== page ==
Another famous author who uses similes in his poems is Robert Burns. He described the character’s love in such a way that his feelings were obvious but also very tender. As an example, we can give the first and third lines of one of the poems:
“O my luve is like a red, red rose ...
... O my luve is like the melody “.
Thus, the writer compares romantic feelings with flowers and music. Moreover, the matching is quite transparent because the beauty of the roses and the melody’s sweet sound are very pleasant.
However, we should not assume that simile is the apanage of past poets. We bet you’ve heard of Forrest Gump. So, once in a conversation with a nurse, the primary character assimilates life as a box of chocolates. At first glance, it seems that there is no connection here. However, this refers to the unpredictability of life and the unpredictability of chocolate inside a box. It is a very subtle comparison but still interesting.
This literary technique is very common. Therefore, direct comparisons can be found in the works of Kelly Roper, Amy Lowell, N. Scott Momaday, and Robert Francis. In addition to literary masterpieces, the technique was widely used in British comedy of the last century.
Similes Vs. Metaphors
Metaphors and similes based on the comparison of objects have several differences as figurative means of language. So, the simile is a stylistic figure, and a metaphor is a trope.
As we have already figured out above, the simile is something obvious and often used with “as” or “like.” A metaphor is also a comparison but hidden and not explicit, which can be expanded and turned into a simile. As the Grammarly experts say: “Similes are like metaphors. However, metaphors are not the same as similes.”
Here are some samples of the metaphor applying:
- “Bill is an open book to anyone he meets.”
- “Karen, you are a bombshell in this new dress.”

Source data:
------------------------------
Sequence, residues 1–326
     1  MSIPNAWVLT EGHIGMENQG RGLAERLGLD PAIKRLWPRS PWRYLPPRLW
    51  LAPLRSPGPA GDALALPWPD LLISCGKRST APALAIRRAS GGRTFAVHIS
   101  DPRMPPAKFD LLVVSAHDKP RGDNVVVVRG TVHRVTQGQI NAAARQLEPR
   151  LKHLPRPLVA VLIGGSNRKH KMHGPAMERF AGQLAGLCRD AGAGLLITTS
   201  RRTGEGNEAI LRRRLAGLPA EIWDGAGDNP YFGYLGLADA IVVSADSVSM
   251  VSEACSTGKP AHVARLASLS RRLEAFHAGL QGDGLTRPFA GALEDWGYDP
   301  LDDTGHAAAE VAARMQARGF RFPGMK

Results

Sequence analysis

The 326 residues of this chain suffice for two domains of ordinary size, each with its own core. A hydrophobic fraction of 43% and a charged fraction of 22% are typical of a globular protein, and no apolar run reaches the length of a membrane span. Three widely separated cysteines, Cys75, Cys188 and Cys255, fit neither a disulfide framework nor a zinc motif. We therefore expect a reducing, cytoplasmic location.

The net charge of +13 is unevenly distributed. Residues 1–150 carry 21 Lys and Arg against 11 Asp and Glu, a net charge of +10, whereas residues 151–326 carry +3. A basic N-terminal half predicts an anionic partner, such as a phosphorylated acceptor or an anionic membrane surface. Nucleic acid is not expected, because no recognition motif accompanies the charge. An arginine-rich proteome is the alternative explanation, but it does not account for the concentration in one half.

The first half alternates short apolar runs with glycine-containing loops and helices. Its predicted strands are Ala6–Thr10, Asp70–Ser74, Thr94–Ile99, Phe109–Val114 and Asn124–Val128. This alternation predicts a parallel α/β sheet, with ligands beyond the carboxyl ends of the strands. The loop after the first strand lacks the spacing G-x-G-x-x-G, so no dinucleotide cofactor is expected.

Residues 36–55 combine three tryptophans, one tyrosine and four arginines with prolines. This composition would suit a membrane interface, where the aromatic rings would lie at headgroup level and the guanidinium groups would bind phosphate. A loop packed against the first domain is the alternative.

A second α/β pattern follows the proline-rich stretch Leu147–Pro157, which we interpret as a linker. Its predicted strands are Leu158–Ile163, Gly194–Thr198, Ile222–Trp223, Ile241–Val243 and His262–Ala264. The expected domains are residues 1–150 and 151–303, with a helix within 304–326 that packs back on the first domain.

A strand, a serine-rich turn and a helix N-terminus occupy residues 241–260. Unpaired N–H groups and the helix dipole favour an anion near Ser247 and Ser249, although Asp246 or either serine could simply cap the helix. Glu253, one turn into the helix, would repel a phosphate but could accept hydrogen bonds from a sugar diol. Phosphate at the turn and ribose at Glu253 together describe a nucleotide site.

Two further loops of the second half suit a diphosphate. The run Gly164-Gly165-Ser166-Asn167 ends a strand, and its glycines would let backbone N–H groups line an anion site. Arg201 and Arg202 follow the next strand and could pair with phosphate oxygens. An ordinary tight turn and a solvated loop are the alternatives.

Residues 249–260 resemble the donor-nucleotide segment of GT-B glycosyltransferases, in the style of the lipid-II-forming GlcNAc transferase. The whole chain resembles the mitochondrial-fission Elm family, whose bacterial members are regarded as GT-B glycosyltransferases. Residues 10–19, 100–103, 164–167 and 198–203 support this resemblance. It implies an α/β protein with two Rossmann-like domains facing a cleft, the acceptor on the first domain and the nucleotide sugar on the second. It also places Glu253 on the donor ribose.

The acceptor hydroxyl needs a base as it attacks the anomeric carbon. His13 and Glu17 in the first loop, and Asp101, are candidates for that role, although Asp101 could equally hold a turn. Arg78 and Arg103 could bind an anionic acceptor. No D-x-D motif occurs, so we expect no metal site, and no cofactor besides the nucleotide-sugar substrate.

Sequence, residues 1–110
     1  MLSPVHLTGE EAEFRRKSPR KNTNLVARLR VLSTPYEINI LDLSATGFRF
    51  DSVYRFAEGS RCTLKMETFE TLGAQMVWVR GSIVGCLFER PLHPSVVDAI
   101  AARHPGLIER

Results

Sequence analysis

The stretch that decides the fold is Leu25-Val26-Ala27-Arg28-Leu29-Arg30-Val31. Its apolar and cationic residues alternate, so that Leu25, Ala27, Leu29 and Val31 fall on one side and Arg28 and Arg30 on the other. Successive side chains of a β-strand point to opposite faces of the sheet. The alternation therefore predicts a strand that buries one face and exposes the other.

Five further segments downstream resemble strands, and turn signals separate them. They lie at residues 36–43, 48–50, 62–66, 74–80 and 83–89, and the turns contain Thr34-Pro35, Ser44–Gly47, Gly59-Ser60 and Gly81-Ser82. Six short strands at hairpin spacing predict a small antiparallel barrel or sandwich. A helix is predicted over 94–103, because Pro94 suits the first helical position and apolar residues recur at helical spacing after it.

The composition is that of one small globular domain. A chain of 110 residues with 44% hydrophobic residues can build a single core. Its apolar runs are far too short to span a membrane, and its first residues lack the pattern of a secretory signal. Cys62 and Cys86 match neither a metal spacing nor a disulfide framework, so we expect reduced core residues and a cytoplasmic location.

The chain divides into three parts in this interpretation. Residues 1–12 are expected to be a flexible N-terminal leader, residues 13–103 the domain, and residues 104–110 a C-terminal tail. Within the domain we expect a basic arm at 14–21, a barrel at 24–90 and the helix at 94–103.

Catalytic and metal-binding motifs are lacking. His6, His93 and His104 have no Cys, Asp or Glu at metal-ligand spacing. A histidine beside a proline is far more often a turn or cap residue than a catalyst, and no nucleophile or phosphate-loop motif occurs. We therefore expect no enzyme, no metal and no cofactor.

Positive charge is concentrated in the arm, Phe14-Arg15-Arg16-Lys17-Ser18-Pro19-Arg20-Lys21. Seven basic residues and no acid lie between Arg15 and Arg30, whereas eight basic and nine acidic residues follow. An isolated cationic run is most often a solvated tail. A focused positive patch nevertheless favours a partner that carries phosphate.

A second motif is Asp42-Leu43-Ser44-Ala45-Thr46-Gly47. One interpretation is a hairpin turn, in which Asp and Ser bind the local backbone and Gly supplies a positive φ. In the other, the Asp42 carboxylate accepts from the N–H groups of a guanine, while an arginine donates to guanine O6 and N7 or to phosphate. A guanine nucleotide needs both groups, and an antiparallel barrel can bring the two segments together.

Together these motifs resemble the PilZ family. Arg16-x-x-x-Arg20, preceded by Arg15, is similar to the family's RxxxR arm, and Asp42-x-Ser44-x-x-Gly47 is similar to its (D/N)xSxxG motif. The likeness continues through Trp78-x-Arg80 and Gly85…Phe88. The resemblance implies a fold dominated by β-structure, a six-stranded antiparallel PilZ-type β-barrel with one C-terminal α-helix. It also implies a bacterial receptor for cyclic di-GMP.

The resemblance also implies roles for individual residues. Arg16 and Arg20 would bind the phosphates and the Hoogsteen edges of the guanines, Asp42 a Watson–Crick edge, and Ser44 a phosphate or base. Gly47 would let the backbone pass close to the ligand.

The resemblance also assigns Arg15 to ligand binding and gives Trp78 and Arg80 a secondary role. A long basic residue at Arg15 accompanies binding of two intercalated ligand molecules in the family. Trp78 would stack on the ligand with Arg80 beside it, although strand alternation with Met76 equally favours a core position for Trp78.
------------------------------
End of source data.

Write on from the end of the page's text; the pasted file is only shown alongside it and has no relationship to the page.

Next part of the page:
There is no obvious similitude, but a hidden sense is implied. That is, Bill is an open, naive person who can confide in anyone. And Karen looks really cool in a new dress. Accordingly, the simile is a type of metaphor with a superficial meaning that is very easy to understand.
In summary, it must be emphasized that metaphors and similes are two literary figures used in speaking and writing. Despite the slight similarity, they must be implemented differently. The simile is necessary for the small coloring of the text, and the metaphor allows for a deeper collation but is more difficult to understand.
For similes to be applied appropriately, it is important to take a responsible approach to their selection and quantity in the text. If the author chooses several absolutely incomparable concepts, the reader may not understand what is at stake. Besides, if there are so many similes that they are encountered in almost every paragraph, the reader is distracted and loses the essence of the story.
However, it is unnecessary to study the worksheets of famous poets to master the art of storytelling. It is enough to clearly understand the rules for the formation of similes and to figure out their difference from the metaphor. That’s all!